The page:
Through various projects over the years, including Measurement, Awareness-Raising, and Policy Engagement project (MAP16), the U.S. Department of Labor and the ILO have helped strengthen the relationship between local organizations and the government in Jordan so they can better respond to cases of child labour.

According to Nihayat Dabdoub, MAP16 National Project Coordinator, the project helped to activate the National Framework to Combat Child Labour through comprehensive talks among development partners and capacity building efforts involving members of government, civil society, and the private sector.

One of the goals of MAP16 was to develop a model to eliminate child labour in East Amman that is strong enough to last even after the project completion, and then can be replicated across Jordan and throughout the Middle East.

Insaf Nizam, Regional Specialist, ILO

Local outreach: How community-based organizations directly help children

Community-based organizations often play an important role in the prevention and elimination of child labour. They work closely with the families, they know their needs and they are respected for the support they provide.

One of those local organizations is called Ruwwad. The Arabic word translates roughly to guides or leaders in English. Ruwwad aims to empower the community with skills and knowledge so they can face their current problems and dream of a better future.

It focuses its services around three key groups: children, youth, and the community. Those services include workshops on topics like sports and reading for children; accounting and languages for youth; and legal and civic awareness for the community. An upcoming report highlights Ruwwad’s work as a model for direct intervention on child labour.

Tareq Al Faqih is the manager of Ruwwad’s community affairs and is the main liaison with the MAP16 project, which provided funding for some of Ruwwad’s services. The NGO employs 30 staff in Jordan and also has branches in Egypt, Lebanon, and Palestine.

Radwan completes schoolwork while his younger sister watches

Ruwwad works with more than 1,000 children; of those, about 100 were involved in child labour. Today, those children are back in education or training.

We try to meet the specific needs of the community and adjust our activities based on their thoughts and feedback. This direct response is important because it allows people to have a say in their empowerment.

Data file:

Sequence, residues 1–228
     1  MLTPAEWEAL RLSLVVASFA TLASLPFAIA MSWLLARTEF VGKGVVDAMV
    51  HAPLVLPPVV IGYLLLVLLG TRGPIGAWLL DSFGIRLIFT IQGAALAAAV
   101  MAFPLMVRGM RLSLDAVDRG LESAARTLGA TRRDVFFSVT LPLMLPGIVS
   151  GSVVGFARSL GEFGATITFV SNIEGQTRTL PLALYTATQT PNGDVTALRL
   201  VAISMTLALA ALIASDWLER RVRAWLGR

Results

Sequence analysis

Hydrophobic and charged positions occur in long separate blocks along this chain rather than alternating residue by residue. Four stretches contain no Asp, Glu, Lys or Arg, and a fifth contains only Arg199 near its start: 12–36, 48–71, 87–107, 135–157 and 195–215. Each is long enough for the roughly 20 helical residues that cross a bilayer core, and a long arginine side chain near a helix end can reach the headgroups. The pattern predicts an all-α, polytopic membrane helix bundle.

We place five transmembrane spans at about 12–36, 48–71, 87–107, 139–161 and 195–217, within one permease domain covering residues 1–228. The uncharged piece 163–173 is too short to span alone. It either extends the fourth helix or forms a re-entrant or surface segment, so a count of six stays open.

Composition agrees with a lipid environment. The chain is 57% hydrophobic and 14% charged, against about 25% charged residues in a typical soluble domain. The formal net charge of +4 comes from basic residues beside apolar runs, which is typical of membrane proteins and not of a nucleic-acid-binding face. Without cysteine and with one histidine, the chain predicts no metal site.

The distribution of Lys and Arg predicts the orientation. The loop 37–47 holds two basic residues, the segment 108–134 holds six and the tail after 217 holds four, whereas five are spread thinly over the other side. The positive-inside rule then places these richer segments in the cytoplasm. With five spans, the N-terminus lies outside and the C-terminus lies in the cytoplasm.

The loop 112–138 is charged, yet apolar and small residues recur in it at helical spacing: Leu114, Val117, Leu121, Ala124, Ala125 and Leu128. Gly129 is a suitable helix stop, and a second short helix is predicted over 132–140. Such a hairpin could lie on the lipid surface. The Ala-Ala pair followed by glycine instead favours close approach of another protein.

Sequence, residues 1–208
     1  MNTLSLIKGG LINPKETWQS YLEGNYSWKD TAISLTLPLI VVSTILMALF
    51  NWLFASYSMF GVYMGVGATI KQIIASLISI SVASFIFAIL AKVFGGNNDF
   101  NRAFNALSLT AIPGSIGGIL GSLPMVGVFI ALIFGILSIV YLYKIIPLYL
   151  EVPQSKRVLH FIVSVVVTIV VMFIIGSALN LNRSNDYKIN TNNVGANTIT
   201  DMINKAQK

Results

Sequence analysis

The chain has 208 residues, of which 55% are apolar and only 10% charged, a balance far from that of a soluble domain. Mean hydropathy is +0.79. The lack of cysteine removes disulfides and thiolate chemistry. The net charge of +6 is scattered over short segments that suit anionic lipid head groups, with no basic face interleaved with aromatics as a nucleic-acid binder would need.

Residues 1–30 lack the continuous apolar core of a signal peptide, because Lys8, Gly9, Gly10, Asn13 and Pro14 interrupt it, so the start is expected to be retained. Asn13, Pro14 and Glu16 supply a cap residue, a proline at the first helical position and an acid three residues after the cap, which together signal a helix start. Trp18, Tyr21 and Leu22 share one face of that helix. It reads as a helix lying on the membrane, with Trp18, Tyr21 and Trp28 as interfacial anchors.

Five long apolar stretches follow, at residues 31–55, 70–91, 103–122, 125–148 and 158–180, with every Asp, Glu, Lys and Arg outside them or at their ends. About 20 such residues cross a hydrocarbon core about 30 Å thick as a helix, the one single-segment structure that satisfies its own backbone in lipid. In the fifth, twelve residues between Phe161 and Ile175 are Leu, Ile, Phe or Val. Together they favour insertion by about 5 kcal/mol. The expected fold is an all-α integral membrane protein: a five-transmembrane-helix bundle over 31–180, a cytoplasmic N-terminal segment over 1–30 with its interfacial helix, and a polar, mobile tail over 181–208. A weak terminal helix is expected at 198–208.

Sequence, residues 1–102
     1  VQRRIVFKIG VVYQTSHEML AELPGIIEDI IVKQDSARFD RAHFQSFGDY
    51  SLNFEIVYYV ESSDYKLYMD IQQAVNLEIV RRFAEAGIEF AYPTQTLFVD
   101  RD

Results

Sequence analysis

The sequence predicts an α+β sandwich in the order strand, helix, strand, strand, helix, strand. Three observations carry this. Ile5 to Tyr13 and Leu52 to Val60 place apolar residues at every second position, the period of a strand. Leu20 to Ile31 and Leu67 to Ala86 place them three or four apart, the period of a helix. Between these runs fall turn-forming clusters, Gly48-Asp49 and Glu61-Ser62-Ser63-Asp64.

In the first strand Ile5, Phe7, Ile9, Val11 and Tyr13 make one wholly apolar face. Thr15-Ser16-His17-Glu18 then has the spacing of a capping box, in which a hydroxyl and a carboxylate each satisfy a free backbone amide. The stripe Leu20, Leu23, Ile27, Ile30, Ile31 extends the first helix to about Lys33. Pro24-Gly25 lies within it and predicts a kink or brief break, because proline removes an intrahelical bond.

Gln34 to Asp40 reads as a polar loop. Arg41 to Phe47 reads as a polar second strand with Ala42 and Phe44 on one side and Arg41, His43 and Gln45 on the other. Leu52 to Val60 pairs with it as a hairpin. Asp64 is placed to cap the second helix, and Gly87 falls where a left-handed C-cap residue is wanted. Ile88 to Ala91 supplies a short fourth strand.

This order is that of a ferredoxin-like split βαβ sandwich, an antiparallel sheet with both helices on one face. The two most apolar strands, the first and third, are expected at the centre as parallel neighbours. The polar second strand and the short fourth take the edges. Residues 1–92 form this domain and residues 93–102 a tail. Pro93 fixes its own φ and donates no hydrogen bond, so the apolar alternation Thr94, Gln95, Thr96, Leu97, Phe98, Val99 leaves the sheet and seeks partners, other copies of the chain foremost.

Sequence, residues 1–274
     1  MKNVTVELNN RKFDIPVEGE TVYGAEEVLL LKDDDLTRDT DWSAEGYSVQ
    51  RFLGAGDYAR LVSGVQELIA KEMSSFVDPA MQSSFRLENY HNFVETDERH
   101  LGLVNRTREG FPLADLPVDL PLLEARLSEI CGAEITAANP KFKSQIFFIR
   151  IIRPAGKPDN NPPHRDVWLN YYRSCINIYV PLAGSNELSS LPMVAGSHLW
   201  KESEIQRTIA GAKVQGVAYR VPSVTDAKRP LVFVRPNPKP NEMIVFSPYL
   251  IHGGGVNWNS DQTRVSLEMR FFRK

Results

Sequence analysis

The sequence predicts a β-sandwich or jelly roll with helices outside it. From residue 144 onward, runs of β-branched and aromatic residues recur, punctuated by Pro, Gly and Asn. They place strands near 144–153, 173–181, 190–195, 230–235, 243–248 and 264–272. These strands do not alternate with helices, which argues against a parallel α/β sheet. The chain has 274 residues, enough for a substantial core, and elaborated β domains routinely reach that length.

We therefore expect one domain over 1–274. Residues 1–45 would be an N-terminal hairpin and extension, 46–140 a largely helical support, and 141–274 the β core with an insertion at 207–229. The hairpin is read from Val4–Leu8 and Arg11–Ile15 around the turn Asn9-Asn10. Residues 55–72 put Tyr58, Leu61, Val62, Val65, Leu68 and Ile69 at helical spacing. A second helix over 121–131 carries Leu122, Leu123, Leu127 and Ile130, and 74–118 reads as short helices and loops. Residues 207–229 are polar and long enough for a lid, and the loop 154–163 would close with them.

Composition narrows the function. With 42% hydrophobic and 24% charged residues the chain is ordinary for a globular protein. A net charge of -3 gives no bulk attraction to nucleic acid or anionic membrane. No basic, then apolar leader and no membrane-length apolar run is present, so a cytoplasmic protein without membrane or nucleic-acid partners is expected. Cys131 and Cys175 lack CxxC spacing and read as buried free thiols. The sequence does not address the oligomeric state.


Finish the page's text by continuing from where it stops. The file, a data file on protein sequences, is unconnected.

Tareq Al Faqih, Manager of Community Affairs, Ruwwad

In 2019, several public schools in East Amman were selected as candidates for a psychosocial support programme through the MAP16 project, which was implemented in coordination with the government. About 500 children were identified as at-risk of dropping out of school and prematurely entering the labour market, based on poor academic results and low attendance.

Ruwwad emerged as a service provider that could help. It became the first NGO in Jordan to be connected to a government database that tracks child labour. In this way, children were successfully identified, tracked, and re-integrated into education and eventually into the labour market.

Ruwwad essentially offers a 10-year education programme in just three years: two years of study (certified by a test administered by the Ministry of Education), followed by one year of vocational training and then a choice of continuing school or re-integrating into the labour market.

Today, Ruwwad and the government work together to help children like Radwan and Yousef realize their full potential.

Yousef spends time with his younger brother at home

Although child labour is illegal, Tareq believes that these children had little choice in the matter and had to work to help their families. Today, both Radwan and Yousef are close to finishing their education programme and then will enroll in vocational training to become chefs.

Our vision is comprehensive. We can’t make an impact without working with the child, their parents, and the community. This is an ethical and professional commitment for us.

Tareq Al Faqih, Manager of Community Affairs, Ruwwad

The NGO staff listens to them, looks out for them, and makes sure they are connected with the community. They also aim to prepare them for vocational training in the future.

Ruwwad staff have become specialized on child labour and are better positioned to serve the community through specific programming on the topic.